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dc.contributor.authorNolte, Suska
dc.contributor.authorCall, Josep
dc.date.accessioned2021-03-23T11:30:07Z
dc.date.available2021-03-23T11:30:07Z
dc.date.issued2021-03-10
dc.identifier.citationNolte , S & Call , J 2021 , ' Targeted helping and cooperation in zoo-living chimpanzees and bonobos ' , Royal Society Open Science , vol. 8 , no. 3 , 201688 . https://doi.org/10.1098/rsos.201688en
dc.identifier.issn2054-5703
dc.identifier.otherPURE: 273004368
dc.identifier.otherPURE UUID: b22662b9-72dd-4d83-bbe9-feccd29f1e09
dc.identifier.otherORCID: /0000-0002-8597-8336/work/91340983
dc.identifier.otherScopus: 85104774617
dc.identifier.otherWOS: 000627841900001
dc.identifier.urihttp://hdl.handle.net/10023/21689
dc.descriptionFunding: European Research Council (ERC) under the European Union's Seventh Framework 819 Programme (FP7/2017-2013) under grant agreement No. 609819 – SOMICS.en
dc.description.abstractDirectly comparing the prosocial behaviour of our two closest living relatives, bonobos and chimpanzees, is essential to deepening our understanding of the evolution of human prosociality. We examined whether helpers of six dyads of chimpanzees and bonobos transferred tools to a conspecific. In the experiment ‘Helping’, transferring a tool did not benefit the helper, while in the experiment ‘Cooperation’, the helper only obtained a reward by transferring the correct tool. Chimpanzees did not share tools with conspecifics in either experiment, except for a mother–daughter pair, where the mother shared a tool twice in the experiment ‘Helping’. By contrast, all female–female bonobo dyads sometimes transferred a tool even without benefit. When helpers received an incentive, we found consistent transfers in all female–female bonobo dyads but none in male–female dyads. Even though reaching by the bonobo receivers increased the likelihood that a transfer occurred, we found no significant species difference in whether receivers reached to obtain tools. Thus, receivers' behaviour did not explain the lack of transfers from chimpanzee helpers. This study supports the notion that bonobos might have a greater ability to understand social problems and the collaborative nature of such tasks.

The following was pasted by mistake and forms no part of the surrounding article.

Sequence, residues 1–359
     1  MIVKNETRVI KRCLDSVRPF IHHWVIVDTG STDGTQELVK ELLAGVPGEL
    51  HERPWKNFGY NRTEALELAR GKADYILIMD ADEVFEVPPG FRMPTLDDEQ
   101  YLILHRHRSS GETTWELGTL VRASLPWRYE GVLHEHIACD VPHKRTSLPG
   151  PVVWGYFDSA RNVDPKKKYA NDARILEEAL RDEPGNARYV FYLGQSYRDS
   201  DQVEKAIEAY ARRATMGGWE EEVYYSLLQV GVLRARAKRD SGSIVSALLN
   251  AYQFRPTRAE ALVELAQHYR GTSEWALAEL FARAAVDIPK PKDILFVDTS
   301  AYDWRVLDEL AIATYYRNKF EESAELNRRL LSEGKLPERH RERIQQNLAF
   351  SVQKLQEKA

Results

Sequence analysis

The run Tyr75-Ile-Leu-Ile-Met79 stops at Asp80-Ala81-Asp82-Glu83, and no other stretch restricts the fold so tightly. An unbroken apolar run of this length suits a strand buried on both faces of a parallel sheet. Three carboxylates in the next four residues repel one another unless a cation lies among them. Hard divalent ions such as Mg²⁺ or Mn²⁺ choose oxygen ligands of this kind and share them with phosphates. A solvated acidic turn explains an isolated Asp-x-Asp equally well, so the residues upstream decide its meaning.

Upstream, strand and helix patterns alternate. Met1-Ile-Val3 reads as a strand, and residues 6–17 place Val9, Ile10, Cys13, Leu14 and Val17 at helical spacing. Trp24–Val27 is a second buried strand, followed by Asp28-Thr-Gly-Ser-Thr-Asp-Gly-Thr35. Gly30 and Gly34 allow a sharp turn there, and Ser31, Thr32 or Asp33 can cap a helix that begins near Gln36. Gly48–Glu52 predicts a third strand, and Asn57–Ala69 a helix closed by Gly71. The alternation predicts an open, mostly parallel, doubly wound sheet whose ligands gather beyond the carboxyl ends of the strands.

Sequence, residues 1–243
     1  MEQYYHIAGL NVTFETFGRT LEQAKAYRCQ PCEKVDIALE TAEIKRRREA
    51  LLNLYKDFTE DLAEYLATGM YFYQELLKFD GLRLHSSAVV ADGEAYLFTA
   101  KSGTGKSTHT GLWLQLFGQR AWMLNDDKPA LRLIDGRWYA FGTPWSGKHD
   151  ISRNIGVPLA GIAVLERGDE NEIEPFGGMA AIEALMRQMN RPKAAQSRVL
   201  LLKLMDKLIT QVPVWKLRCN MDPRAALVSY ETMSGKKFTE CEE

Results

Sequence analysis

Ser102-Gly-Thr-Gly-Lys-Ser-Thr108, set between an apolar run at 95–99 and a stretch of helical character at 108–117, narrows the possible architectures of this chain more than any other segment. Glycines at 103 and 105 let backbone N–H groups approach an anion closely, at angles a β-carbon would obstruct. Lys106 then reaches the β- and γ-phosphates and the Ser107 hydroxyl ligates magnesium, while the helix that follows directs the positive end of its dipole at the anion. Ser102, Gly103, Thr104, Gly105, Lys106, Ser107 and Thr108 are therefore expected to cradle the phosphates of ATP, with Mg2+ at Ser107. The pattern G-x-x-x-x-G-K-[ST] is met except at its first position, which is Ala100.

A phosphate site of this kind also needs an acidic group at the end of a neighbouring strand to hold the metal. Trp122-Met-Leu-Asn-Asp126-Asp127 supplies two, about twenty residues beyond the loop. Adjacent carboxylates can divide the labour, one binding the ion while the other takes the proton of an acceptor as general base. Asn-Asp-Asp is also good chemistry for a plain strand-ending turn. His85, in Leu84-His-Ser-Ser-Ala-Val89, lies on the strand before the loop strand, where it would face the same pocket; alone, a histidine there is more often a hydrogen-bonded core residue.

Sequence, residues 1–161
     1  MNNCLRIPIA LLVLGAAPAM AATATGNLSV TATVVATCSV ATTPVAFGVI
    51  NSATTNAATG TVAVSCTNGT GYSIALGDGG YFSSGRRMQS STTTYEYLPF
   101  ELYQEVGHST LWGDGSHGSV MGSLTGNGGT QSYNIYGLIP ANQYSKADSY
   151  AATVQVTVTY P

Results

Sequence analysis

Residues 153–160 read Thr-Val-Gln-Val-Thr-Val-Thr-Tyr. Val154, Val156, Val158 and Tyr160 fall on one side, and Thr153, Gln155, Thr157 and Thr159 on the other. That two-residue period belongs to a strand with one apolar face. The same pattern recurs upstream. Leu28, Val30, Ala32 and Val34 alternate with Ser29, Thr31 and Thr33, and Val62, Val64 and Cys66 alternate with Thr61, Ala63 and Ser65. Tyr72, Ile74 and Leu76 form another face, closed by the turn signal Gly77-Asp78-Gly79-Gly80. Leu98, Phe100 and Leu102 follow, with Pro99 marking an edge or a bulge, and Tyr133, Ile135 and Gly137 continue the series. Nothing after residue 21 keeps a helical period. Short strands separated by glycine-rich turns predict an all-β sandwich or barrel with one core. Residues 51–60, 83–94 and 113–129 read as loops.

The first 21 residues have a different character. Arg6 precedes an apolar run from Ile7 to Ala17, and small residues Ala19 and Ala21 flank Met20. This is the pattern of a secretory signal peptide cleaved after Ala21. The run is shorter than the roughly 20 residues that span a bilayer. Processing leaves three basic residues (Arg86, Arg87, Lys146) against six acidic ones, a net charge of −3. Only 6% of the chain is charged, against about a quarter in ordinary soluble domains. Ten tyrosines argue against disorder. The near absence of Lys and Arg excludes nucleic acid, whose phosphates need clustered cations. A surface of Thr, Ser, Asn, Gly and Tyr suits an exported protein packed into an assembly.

dc.format.extent19
dc.language.isoeng
dc.relation.ispartofRoyal Society Open Scienceen
dc.rightsCopyright © 2021 The Authors. Published by the Royal Society under the terms of the Creative Commons Attribution License http://creativecommons.org/licenses/by/4.0/, which permits unrestricted use, provided the original author and source are credited.en
dc.subjectCooperationen
dc.subjectChimpanzeesen
dc.subjectAltruismen
dc.subjectBonobosen
dc.subjectInstrumental helpingen
dc.subjectRC0321 Neuroscience. Biological psychiatry. Neuropsychiatryen
dc.subjectQH301 Biologyen
dc.subjectQL Zoologyen
dc.subjectDASen
dc.subject.lccRC0321en
dc.subject.lccQH301en
dc.subject.lccQLen
dc.titleTargeted helping and cooperation in zoo-living chimpanzees and bonobosen
dc.typeJournal articleen
dc.description.versionPublisher PDFen
dc.contributor.institutionUniversity of St Andrews.Centre for Social Learning & Cognitive Evolutionen
dc.contributor.institutionUniversity of St Andrews.School of Psychology and Neuroscienceen
dc.identifier.doihttps://doi.org/10.1098/rsos.201688
dc.description.statusPeer revieweden


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